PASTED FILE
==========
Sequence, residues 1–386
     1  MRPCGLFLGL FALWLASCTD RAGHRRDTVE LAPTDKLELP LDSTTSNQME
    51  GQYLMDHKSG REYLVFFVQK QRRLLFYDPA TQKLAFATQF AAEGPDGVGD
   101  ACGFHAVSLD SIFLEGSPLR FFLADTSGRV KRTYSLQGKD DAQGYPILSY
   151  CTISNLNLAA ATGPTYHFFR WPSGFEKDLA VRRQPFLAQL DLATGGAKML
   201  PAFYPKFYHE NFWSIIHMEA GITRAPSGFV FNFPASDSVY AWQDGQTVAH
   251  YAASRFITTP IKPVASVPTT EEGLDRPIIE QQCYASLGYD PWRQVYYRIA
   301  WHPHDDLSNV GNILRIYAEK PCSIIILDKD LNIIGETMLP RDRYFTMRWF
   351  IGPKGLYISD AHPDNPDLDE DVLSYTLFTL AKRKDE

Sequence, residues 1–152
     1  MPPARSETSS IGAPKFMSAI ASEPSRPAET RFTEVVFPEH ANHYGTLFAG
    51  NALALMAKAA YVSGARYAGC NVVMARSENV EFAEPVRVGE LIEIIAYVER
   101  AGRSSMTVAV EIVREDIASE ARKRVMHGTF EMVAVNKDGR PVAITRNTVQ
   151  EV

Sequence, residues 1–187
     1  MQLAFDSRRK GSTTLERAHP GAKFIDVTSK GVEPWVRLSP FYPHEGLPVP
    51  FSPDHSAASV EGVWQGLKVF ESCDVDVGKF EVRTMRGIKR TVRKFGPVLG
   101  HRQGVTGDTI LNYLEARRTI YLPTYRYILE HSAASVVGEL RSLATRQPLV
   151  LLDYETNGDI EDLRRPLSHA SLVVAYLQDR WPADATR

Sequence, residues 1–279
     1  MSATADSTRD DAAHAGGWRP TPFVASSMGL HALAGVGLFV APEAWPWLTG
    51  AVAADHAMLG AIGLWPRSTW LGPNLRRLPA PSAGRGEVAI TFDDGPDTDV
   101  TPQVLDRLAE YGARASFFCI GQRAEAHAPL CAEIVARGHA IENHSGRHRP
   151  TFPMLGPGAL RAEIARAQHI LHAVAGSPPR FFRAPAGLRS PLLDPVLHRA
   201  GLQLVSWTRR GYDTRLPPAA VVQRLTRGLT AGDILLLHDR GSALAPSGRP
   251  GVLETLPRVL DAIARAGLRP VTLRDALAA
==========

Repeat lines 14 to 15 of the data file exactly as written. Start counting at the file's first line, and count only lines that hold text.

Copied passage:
   151  EV

Sequence, residues 1–187